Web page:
|Energizer Bunny, September 2001
On Labor Day weekend 2001, we--John (JF), John (JR), Craig and Greg-- started
out from the Grandjean trailhead to climb the East Face/Ridge of Warbonnet Peak.
The weather had been nasty 2 weeks before, but was beautiful the day we
headed out and not wanting to be slowed down, we traveled "light and fast" with
an 8 mile approach and 4000+ feet of climbing ahead of us for a long day.
As we climbed higher it became very apparent that the snow from 2 weeks earlier
was going to be much more of a problem than anticipated, but we were all
experienced and had made this approach several times.
We should have stopped at the first steep bouldery section of frozen ground, but
our tennis shoes were holding well in the snow and the valley eased up until the
final couloir below the East Ridge--at least that was our justification. Besides, we
were moving pretty fast.
Well, the moving fast ended when we started up the talus slopes toward the East
Ridge, in ankle to knee deep snow, over boulders and talus.
After a couple of hours flailing up the snow slopes we just tried to salvage the day
and hung out in the sun, eating lunch, bouldering and doing short problems on
the cliffs below the North Face of Warbonnet Peak. We were starting to get bored
and thinking about heading home (about 2 pm), when I told everyone I had spied
a sweet line on a spire earlier that year--so of course we all had to have a look,
and the REAL adventure began.
We all looked at it and then decided it was too late to start an unknown multi-pitch
route that late in the day (3:30 pm), but the demons began rationalizing--it's only
afternoon--we could always just climb a pitch and bail--we had all the gear..........
So we rigged quickly and started up the route. JF and Craig headed for a
chimney/hand crack and JR and Greg headed for a blocky ramp section that met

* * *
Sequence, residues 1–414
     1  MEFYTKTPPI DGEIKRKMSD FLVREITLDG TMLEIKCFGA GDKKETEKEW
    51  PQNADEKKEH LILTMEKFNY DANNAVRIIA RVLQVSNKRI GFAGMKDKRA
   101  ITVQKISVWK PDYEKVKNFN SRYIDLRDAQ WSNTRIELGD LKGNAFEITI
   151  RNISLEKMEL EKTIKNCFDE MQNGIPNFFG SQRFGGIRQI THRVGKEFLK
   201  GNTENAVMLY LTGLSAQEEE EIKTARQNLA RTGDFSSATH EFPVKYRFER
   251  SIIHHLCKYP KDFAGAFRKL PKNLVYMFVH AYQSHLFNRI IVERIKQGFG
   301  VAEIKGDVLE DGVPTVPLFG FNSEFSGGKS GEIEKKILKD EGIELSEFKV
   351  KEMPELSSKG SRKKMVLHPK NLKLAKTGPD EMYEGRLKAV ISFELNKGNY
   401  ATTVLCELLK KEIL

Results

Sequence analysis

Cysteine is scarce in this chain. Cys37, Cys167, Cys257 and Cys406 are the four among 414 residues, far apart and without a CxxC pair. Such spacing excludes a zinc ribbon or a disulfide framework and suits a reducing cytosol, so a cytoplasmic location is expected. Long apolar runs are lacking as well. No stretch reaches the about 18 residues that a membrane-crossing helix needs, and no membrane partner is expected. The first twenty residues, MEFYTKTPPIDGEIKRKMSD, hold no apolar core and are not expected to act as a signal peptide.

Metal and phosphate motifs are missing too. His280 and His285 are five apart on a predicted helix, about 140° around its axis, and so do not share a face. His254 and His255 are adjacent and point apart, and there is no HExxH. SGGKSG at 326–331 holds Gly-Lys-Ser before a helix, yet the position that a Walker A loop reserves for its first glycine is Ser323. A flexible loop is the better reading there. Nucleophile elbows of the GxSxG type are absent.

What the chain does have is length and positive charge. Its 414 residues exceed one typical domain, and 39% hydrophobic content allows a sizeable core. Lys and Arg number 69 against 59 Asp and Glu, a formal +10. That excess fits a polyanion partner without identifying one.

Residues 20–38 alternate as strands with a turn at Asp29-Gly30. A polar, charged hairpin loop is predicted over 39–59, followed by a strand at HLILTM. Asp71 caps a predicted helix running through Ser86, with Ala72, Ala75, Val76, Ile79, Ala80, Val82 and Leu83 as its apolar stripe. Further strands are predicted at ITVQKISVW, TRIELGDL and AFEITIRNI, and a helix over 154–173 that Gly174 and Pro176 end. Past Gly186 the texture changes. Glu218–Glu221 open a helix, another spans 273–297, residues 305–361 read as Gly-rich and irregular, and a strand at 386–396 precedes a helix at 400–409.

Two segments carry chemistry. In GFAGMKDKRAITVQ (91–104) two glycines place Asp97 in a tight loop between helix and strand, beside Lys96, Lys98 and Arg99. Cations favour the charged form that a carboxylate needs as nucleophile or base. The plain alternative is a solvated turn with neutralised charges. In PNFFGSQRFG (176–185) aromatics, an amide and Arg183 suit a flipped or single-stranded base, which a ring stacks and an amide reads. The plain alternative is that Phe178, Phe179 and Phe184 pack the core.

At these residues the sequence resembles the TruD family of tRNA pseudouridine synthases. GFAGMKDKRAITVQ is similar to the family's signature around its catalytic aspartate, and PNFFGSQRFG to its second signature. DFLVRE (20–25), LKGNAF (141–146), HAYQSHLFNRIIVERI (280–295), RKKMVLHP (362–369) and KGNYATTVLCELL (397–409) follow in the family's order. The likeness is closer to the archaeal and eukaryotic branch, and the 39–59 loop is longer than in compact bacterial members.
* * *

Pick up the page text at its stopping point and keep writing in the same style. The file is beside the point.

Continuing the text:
in the same place about a pitch or so up the face...and the adventure began.
I won rock/paper/scissors for the first pitch and headed up the first pitch on some
sweet granite blocks and hand jams. At the end of the rope at exactly 60 meters,
there was a tree just built for a perfect belay station--our luck was getting better!
The next pitch eased somewhat and we were having a great day out in the
mountains. JF and Craig had bailed on their line and were following our lead, so it
was a party of 4 now.
We got to the top of the 4th pitch at about 6pm (the sun went down about
7:30-8pm). JF and Craig started thinking about bailing, but JR and Greg (myself)
thought we could still make it with enough time to bail and get back to the trail, so
they went down and we continued up.
The climbing steepened, but was one of the best pitches I have led in years, a full
pitch of continuous 5.8-9 hand and elbow jams up this crack that just begged to
be climbed, the pro was bomber and before too long, I was standing just below the
summit pinnacle. I belayed JR up the pitch and he scrambled to the top which was
just big enough for 1 person to sit at a time and it dropped 1500-2000 feet off all
sides. What a great end to a beautiful day.
Well, it was the end of the day because the sun was below the horizon as we
started down the backside of the ridge to what we thought was a scramble down a
scree gully back to our packs--well, it was except for the 300 ft cliff to get to the